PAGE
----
Tuesday, May 7, 2013

RIP Blackberry...I finally quit you

Over the past 15 years, I've probably been one of the most loyal blackberry users on this side of the Canadian border.  The running joke when I'd pull out my blackberry among a sea of iphones was that I was Jake Gyllenhall's character in Brokeback Mountain and my beloved blackberry was Heath Ledger.  "Blackberry, you sonofawhoreson bitch! I wish I knew how to quit you."  Well, I finally did it two weeks ago and entered the Android camp with a Samsung Galaxy S4.  I'm still getting used to the device and sorely miss the blackberry keyboard, but not much else. 

My Original Mobile Email Device

My love affair with RIM started with my first blackberry I purchased in 1998 - the fat pager pictured above. This was years before "crackberry" entered the lexicon and became a must-have for every ibanker and lawyer in a Brooks Brothers suit in New York along with the jeans clad techies and VC's in Silicon Valley.  At the time, it's only purpose was email and the occasional lighter substitution at a rock concert to beg for another encore. It wasn't the first time I had email on the go (see picture on the right), but was a much slicker solution than the combination of Ricochet wireless model and Palm Pilot (now there's a story to tell the grandkids - reminds me a bit of those annoying AT&T Uverse commercials).  I even had an unoffical antique museum or perhaps mausoleum to my beloved blackberries buried in
Blackberry Mausoleum
my desk drawer containing many retired devices.

I hung on to my Bold waiting for the very late arriving OS 10.  As the launch of the Z10 got delayed again, I finally began to consider the switch.  However, even up until a few weeks ago, I was considering hanging on for the Q10 to experience the slick new operating system and still have the trusty blackberry keyboard. 

When the Z10 finally showed up in March, I paid close attention to the reviews and analyst reports.  I was even amused by the tête-à-tête between the Blackberry CEO and Analyst over reports that the Z10 was experiencing very high return rate.  I stopped in the local AT&T store to get my hands on the new device.  When the salesman approached me, I asked him about the phone and if they were selling a lot of them.  He gave me a look, scratched his head, and responded with "nope".  If you ever want to know how products are doing in the marketplace, often better off visiting the point of sale than reading a bunch of analyst reports.  With a dwindling market base, nobody is going to develp on the platform, which is a death knell for anyone in the smartphone business.  That was the final straw! I decided it was time for a divorce.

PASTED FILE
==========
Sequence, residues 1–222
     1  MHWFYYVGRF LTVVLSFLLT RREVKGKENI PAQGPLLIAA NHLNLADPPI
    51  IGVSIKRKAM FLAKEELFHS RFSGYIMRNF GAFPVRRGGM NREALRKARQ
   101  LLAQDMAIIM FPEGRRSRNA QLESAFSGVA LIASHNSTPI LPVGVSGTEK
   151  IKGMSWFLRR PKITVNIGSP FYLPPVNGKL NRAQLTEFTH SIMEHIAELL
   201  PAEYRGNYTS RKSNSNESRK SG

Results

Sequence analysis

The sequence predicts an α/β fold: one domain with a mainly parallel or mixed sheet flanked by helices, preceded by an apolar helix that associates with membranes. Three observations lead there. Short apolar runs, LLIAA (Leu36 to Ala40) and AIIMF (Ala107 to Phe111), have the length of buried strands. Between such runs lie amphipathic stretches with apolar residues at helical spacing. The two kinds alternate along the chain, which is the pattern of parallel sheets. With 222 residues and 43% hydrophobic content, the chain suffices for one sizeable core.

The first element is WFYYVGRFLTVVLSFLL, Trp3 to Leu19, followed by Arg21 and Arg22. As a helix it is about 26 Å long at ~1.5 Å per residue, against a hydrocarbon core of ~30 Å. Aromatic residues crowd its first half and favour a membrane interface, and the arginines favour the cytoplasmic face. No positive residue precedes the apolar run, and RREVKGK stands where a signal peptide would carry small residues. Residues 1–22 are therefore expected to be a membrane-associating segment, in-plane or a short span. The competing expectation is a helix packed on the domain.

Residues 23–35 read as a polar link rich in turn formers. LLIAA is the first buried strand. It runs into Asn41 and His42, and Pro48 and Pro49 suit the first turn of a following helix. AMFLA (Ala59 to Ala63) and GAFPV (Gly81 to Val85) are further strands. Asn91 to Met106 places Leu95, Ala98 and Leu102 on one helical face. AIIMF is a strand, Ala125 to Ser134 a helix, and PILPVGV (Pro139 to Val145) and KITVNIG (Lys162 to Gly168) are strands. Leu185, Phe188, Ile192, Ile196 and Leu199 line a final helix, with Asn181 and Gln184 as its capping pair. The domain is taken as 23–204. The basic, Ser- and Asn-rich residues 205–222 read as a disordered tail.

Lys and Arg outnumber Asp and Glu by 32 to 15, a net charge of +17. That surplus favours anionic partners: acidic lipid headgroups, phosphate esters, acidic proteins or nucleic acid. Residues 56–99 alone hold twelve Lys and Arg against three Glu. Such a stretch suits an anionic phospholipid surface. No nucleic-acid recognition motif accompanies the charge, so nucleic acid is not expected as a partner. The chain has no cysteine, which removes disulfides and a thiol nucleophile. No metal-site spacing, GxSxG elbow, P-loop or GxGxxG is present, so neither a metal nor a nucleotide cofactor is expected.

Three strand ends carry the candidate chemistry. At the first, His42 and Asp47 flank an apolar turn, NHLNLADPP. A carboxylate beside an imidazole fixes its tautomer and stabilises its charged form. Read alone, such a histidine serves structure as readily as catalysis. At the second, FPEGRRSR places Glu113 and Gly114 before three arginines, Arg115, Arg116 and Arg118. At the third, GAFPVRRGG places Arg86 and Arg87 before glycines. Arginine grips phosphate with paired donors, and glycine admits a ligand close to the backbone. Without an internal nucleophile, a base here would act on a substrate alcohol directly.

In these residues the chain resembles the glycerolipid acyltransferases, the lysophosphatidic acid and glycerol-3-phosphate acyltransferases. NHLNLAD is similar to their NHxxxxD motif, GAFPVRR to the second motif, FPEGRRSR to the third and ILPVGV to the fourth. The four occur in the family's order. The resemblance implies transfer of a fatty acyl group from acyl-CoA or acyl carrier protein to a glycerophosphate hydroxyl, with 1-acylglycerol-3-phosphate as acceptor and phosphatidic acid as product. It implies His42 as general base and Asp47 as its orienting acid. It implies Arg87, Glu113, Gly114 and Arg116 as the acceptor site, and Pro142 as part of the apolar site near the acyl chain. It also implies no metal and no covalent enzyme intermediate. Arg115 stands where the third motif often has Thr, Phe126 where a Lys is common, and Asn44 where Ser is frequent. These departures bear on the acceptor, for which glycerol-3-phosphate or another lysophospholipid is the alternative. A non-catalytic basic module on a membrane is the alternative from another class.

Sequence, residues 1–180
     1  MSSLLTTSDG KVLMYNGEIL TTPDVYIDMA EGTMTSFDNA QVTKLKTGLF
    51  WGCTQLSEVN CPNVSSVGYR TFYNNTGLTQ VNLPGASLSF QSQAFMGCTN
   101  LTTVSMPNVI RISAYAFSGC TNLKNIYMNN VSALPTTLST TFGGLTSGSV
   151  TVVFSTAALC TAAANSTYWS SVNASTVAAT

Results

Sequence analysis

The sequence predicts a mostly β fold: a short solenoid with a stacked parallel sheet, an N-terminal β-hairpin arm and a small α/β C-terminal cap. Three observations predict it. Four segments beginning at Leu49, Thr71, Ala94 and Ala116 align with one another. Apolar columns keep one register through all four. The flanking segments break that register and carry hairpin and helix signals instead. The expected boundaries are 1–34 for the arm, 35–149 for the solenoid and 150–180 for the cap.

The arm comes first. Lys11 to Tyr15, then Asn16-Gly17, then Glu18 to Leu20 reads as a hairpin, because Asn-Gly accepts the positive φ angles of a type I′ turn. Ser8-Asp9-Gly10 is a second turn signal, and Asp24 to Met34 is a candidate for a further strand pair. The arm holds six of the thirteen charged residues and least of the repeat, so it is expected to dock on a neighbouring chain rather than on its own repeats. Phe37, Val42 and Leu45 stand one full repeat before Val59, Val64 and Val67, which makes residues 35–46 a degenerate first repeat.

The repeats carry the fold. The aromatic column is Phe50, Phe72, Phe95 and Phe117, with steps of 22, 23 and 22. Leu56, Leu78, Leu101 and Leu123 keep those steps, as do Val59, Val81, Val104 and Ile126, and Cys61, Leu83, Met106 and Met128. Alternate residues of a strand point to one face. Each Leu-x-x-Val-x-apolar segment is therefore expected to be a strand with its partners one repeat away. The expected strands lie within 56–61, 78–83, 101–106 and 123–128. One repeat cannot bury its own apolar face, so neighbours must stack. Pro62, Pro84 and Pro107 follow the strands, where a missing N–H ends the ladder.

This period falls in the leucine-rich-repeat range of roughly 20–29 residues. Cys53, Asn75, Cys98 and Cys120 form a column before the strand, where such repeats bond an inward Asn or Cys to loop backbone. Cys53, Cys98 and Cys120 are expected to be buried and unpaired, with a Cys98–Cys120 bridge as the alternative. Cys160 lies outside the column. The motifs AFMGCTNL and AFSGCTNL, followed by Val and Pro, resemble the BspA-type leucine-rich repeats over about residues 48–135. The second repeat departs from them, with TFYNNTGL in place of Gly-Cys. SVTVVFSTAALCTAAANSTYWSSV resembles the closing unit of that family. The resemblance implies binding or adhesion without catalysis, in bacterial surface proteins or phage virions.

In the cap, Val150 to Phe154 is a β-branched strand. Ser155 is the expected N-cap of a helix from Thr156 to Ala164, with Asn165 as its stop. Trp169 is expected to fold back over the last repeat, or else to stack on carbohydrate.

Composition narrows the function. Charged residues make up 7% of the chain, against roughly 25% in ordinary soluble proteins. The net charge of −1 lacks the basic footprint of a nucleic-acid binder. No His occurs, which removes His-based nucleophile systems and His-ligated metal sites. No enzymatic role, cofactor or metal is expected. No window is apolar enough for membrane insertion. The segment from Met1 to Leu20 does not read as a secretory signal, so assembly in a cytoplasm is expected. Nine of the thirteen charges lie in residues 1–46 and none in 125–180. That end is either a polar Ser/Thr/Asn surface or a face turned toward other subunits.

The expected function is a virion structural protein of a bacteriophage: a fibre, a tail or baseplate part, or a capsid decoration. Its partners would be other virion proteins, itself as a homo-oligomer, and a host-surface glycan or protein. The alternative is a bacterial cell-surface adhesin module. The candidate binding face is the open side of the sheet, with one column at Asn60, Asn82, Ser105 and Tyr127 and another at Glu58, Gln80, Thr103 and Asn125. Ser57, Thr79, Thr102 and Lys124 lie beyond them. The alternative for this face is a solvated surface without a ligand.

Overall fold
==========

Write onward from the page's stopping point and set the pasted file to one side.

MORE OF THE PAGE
So where did Blackberry go wrong?  Where didn't they??? In addition to a number of product failures (Storm, Torch, Playbook) and a really crappy web browser, the biggest issue was probably the hubris of the founders.  Rather than anticipating or even coming up with a competitive response to the iPhone, the Co-CEO Jim Balsillie spent several years trying to buy an NHL team.  The other co-CEO  Mike Lazridis was famously quoted as saying that nobody would want "the equivalent of a personal computer on a phone".  I (and many others) believe the company could've been saved if it had adopted android several years ago.  In August 2010, Dan Frommer wrote an article declaring that RIM must switch to Android before it is too late.  At the time, RIM still had the leading share of the smartphone OS market at 18%, with Android (17%) and iOS (14%) close behind.  Shift to 3 years later and it's game over.  Android has 52%, iOS 39% with Blackberry (5%) and Windows (3%) with also ran status.  Once Windows passes Blackberry, it may be time for hari-kiri.

So what am I going to do with that desk drawer full of blackberries?  Not sure what I'll do with most of them, but I did put my most recent Bold up for auction on eBay and surprisingly someone paid $194 for it, only $5 less than I paid for my new Samsung S4.  Guess there are blackberry fans still out there, but can't imagine there will be for much longer.